Equity Applicant Proposes Retail Cannabis Store for 331 Newbury St.

An equity applicant is now proposing a retail cannabis dispensary for 331 Newbury St. in a location that the city approved as a medical marijuana establishment more than three years ago.

The primary owners of the Rooted in Roxbury, who outlined their plan during this month’s meeting of the Neighborhood Association of the Back Bay Licensing and Building Use Committee, which was held virtually on Feb. 1, include Solmon and Rokeya Chowdhury, the proprietors of Shanti Restaurant, with locations in Dorchester, Roslindale and Kendall Square in Cambridge, and the Dudley Café in Roxbury, along with lifelong Boston residents, Brian and Joanne Keith.

(Besides the proposed Back Bay outpost, Rooted in Roxbury has another location in Roxbury, which was unanimously approved by the Boston Cannabis Board in November, but has yet to go before state’s Cannabis Control Commission.)

The Newbury Street store would occupy around 1,535 square feet of ground-floor retail space, said Brian Keith, and its proposed hours of operation are 10 a.m. to 10 p.m., seven days a week, with reduced hours on Sundays. All sales would be by appointment only upon opening, he added, “until we understand peak demand.”

Rooted in Roxbury on Newbury Street would be a high-end establishment, Brian Keith said, which he likened to a “boutique wine store” as opposed to a “corner liquor store,” with minimal signage. The owners also pledge that the establishment won’t sell single “joints.”

“It’s not something we want to see,” said Brian Keith to committee members regarding the potential sale of single-rolls at the Back Bay location. “We want to work with you on this.”

Rooted in Roxbury has also hired Ware Security, a Roxbury security company owned by people of color, he said, and all patrons at the Back Bay location would have their IDs scanned in the sales vestibule twice to ensue they are 21 or older before they are allowed inside the sales area.

All deliveries would also be made on Newbury Street in an effort to mitigate the impact on residential neighbors, said Brian Keith, and any would-be patrons seen double-parking in front of the establishment would automatically have their orders cancelled.

Investors would be able to buy into Rooted in Roxbury for as a little as $1,200 a share, according to the owners, and, to date, they have included 100 percent people of color, 51 percent women and 100-percent Boston residents.

“Our investors are our neighbors,” Brian Keith said, “and we welcome new ones from Back Bay to share in the success of this location.”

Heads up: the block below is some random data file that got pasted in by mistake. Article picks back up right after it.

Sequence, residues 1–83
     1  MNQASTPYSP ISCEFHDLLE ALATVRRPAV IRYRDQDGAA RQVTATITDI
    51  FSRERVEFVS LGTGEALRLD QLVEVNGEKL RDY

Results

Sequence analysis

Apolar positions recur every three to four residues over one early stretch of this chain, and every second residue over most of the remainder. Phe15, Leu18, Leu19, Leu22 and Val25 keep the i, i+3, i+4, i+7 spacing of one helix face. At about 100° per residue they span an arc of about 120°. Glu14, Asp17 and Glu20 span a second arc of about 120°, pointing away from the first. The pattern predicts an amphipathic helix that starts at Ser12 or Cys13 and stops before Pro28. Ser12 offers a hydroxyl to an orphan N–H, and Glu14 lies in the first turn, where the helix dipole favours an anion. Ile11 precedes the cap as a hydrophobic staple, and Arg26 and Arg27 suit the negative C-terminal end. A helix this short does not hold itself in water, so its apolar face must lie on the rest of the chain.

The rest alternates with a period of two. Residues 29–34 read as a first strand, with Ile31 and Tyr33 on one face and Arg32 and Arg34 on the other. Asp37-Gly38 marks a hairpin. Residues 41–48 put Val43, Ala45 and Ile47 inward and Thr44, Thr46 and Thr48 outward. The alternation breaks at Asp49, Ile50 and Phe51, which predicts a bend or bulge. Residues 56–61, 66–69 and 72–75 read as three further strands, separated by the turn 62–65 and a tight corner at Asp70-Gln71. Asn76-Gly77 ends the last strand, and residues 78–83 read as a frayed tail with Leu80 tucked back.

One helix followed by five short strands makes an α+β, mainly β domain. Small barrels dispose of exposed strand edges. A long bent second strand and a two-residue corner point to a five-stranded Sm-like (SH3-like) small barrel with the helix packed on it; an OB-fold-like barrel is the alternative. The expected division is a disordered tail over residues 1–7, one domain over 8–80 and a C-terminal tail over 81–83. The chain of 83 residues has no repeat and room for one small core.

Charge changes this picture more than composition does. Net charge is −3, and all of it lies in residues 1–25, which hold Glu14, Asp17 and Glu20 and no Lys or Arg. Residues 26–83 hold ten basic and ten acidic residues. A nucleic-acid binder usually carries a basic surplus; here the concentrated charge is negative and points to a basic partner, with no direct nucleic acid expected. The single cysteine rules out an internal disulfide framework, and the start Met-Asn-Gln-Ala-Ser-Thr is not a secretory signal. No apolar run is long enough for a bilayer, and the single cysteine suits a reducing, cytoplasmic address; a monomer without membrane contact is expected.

In November of 2017, Compassionate Organics won the approval of the city’s Zoning Board of Appeals to open a medical dispensary at 331 Newbury St. and partnered with Green Thumb Industries (GTI) the following year. GTI, which has continued to pay rent at the location, would have a 9.9 percent share in the Rooted in Roxbury’s Back Bay store only, said Ben Keith, “to help them recoup their losses.”

Besides allocating 3 percent of sales to a “dedicated city fund,” Rooted in Roxbury would also establish a “separate Community Benefits Fund,” Brian Keith added, with 5 percent of the equity “set aside for employees.” (The Back Bay location is expected to create 30 new jobs, he said.)

Elliott Laffer, who serves as chair of NABB’s board of directors, expressed concern that other nearby cannabis retail dispensaries had already received approval to open, including Cypress Tree Management in the current location of Little Steve’s Pizzeria at 1114 Boylston St. in the Fenway, as well as SIRA, which plans to open blocks away on Boylston Street, while Ember Gardens is now awaiting approval on 297 Newbury St. But these approvals have come despite the city’s mandate that two such establishments couldn’t be located within a half-mile of each other.

“It’s the challenge we face in the way it was set up and to have that half-mile [buffer] mean something,” Laffer said.

Joyce, a public relations consultant for the applicant who previously served as the city’s press secretary under former Mayor Thomas M. Menino, responded, “We can’t comment on the city’s process, but we’re aligned in that we wouldn’t want any more dispensaries in Newbury Street either.”

Meanwhile, Rooted in Roxbury has yet to schedule a hearing date with the Boston Cannabis Board in regard to its proposed Back Bay location, said Joyce, but it would follow an abutters’ meeting sponsored by the Mayor’s Office.

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